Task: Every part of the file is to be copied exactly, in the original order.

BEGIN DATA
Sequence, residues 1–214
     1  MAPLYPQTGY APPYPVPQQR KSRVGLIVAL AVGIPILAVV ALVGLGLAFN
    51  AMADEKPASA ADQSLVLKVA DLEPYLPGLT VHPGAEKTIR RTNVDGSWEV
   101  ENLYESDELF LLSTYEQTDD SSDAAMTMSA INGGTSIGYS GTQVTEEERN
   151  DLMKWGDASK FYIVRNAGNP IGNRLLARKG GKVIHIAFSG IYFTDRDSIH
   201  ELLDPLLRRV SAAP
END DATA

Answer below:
Sequence, residues 1–214
     1  MAPLYPQTGY APPYPVPQQR KSRVGLIVAL AVGIPILAVV ALVGLGLAFN
    51  AMADEKPASA ADQSLVLKVA DLEPYLPGLT VHPGAEKTIR RTNVDGSWEV
   101  ENLYESDELF LLSTYEQTDD SSDAAMTMSA INGGTSIGYS GTQVTEEERN
   151  DLMKWGDASK FYIVRNAGNP IGNRLLARKG GKVIHIAFSG IYFTDRDSIH
   201  ELLDPLLRRV SAAP